Reasons why you should visit Central Arunachal Pradesh:
- Witness the unexplored, untouched landscape
- Enjoy scenic drives through winding roads
- Learn about the unique architecture
- Immerse in the culture and hospitality of villagers
- Sample local flavours and get high on homemade brew
I was thinking of travelling somewhere to escape the daily humdrum, and just like that, on a whim, decided to sign up for the April chapter to central Arunachal Pradesh, with a focus on Aalo and Mechuka, with WeGoBond.
Arunachal, like most other North Eastern states, is incredibly beautiful yet unexplored, especially the central part of the state. With no organized tourism in the region, we geared up for an adventure through bumpy roads, gushing rivers, swaying bridges, verdant valleys to reach the fabled Mechuka. We witnessed rains throughout our trip—unseasonal, I am told, largely owing to climate change—which only rendered the landscape with rich hues of green. The entire place was lush and covered in a canopy of dense greenery.
We convened at Dibrugarh in Assam and proceeded to a small town in central Arunachal called Pasighat, which is located on the banks of the Siang river; Pasighat also happens to be the headquarters of the East Siang district. After spending a night here, we headed towards our next destination, Aalo, which is the headquarters of the West Siang district. Refreshed after a long drive, in Aalo we visited villages of the Galo tribe and learnt about their customs and got acquainted with their lifestyle. The traditional Galo house is a massive structure built with locally available materials like wood, bamboo, cane, palm leaves, and so on. We learnt about animism, a belief that is followed by certain tribes in the state, which believes that objects, places, and creatures all possess a distinct spiritual essence.
The entire state of Arunanchal Pradesh is dotted with hanging bridges that are made up of bamboo and ropes, and some partially of steel. These bridges serve as a lifeline for the villagers, to cross rivers and move from one place to another. This was my first time on such a hanging bridge. Unlike the locals for whom it is a cakewalk, I was petrified as they sway a lot! It was either to see what lies on the other side or wait for my fellow travellers to return and share stories. Fear of missing out loomed large, and grabbing the hands of my travel mates, one careful step at a time, I managed to cross these bridges.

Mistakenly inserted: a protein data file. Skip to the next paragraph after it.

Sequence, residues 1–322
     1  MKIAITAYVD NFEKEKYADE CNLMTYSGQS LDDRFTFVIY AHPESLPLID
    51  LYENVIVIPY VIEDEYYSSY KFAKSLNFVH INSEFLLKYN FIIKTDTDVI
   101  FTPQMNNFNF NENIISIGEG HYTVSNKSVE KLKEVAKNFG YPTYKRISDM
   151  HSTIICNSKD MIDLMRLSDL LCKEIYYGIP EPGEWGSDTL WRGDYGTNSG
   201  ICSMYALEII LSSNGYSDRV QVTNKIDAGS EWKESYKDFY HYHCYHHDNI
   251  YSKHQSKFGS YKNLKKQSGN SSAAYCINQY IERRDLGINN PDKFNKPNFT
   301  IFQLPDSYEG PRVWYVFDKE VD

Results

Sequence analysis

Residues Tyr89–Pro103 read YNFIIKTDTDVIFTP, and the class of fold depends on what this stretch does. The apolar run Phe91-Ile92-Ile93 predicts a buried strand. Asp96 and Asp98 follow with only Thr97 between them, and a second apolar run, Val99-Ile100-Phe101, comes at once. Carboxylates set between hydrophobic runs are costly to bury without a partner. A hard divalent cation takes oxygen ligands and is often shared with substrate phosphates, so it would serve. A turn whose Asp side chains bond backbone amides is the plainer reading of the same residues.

The highlight of our trip, Mechuka, was next. It is variously known as Mechukha or Menchukha, which, in Memba dialect means medicine (men), water (chu), and snow (kha), or the land blessed with medicinal snow-fed water. The town is located at a height of 6,000 feet above sea level and lies just 29 kilometres away from the Indo-China border. The place is dreamy and unspoilt with picture-postcard views of snow-capped mountains, quaint wooden houses, and meandering roads with horses and other animals running wild. It is an ideal place for long walks to soak in the beauty of the surroundings.
We also visited some of the popular attractions of the region, such as the charming 400-year-old wooden Samten Yoncha Gompa situated on top of a hill. The Guru Nanak Taposthan, an ancient cave-shrine where Guru Nanak meditated on his way to Tibet, is of religious significance; it is believed to carry the impression of Guru Nanak’s turban embedded in a rock, which surrounded the saint in order to protect him from a bear attack. The Gurdwara nearby, built and run by the Indian Army, has a museum that charts the saint’s travels and houses sacred relics. The hike down to the river behind the Gurdwara negotiating the rickety steps was thrilling. Another popular attraction that we saw in Mechuka was the Hanuman Face, named so after a peculiar formation on the mountain resembling the Monkey God’s face. We were so thrilled that even the leech and damdam (the local name for the black fly) attacks or the incessant rain were not able to dampen our spirit.
Finally, we got a taste of the local cuisine at the homestays that we stayed in as well as at roadside dhabas. Be it the Galo or the Memba tribe, the staple food is rice. One of the main ingredients is bamboo shoot, and boiled or steamed leafy vegetables as well as meat such as pork or chicken dominate the food scene. The cuisine of this state is mostly devoid of spice, nonetheless it is very healthy and tasty. Chutneys and condiments made out of chillies add to the flavour and complement the dishes. Not to forget, we were happy-high on apong, the local alcoholic drink made out of fermented rice!
Mechuka is a hidden gem and will remain fresh in my memory for a long time. The valley is beautiful, its people warm, and the food delicious and guilt-free. If you have a taste for the offbeat then Mechuka should definitely feature in your Bucket List.
Sunita Mitra, a senior analyst with a Mumbai-based credit rating agency, travelled with WeGoBond to Mechuka in April 2022.